Condemnation of Property...What are My Rights?

By: Mark S. Silver, Esq.

Condemnation Of Property

The Department of Transportation, school districts, sewer and water authorities, certain pipeline companies, some electric companies, and various other government agencies have the power to acquire private property for public purpose. Without such power, many important public works projects that provide benefits to us all could not be undertaken. Pursuant to the Constitution, a property owner is entitled to just compensation for the taking of his private property.

Attorneys with experience in eminent domain (condemnation for public purpose) and qualified real estate appraisers can provide valuable assistance to a property owner facing condemnation. Sometimes the offer made to the property owner by the acquiring entity is fair; sometimes it is not. In determining what is just compensation, the attorney and appraiser will evaluate whether the taking has resulted in a restriction on the use of the property following construction, as well as whether the taking has reduced or eliminated more profitable uses of the property.

Early involvement by professionals on behalf of the property owner is critical to establish and to document a claim for compensation, as well as to negotiate the most favorable terms of the taking for the property owner. For example, it is possible to negotiate a 60" depth, rather than the standard 48" depth, for a pipeline easement that crosses cultivated fields. It is also possible to relocate easements, as well as access routes to them, to areas that create the least functional disturbance to the land owner. Further, additional protections to the property owner that can be negotiated include: tree removal or storage of usable timber, separation of topsoil cover from sub-grade material, and separation of rock in excess of a specific diameter from the backfill material so as to enhance crop development after the installation is complete.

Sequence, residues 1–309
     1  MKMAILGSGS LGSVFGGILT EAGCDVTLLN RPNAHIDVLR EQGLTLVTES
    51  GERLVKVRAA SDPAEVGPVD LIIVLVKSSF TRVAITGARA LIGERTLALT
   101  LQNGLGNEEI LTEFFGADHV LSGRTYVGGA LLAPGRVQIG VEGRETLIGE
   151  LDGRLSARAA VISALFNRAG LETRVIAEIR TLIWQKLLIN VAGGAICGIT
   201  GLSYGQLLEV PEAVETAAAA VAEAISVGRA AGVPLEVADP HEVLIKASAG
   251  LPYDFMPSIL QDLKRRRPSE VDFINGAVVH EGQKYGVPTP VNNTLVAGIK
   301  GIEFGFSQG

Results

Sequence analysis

Property owners can contest the condemnation of their property on several bases, such as the lack of a legitimate public purpose, the lack of authority to condemn and failure of the condemning authority to follow required legal procedures. Yet, in most instances, a property owner's money and efforts are better spent on maximizing the just compensation that is paid for the condemned property.

Owners of agricultural property have unique protections in certain circumstances, especially if the property is enrolled in an agricultural security area that has been approved by the local municipality. If applicable, the condemnor, before filing a condemnation action, must obtain a determination from the Agricultural Land Condemnation Approval Board (ALCAB) that there is no alternative to the taking of this particular agricultural property. The condemnor can have a difficult time satisfying that standard.

The law in Pennsylvania includes a provision that the condemning authority, in most instances, is obligated to reimburse the property owner up to a maximum of $4,000 toward professional fees. This can assist to offset initial expenses incurred to obtain an initial review of the matter on behalf of the property owner.


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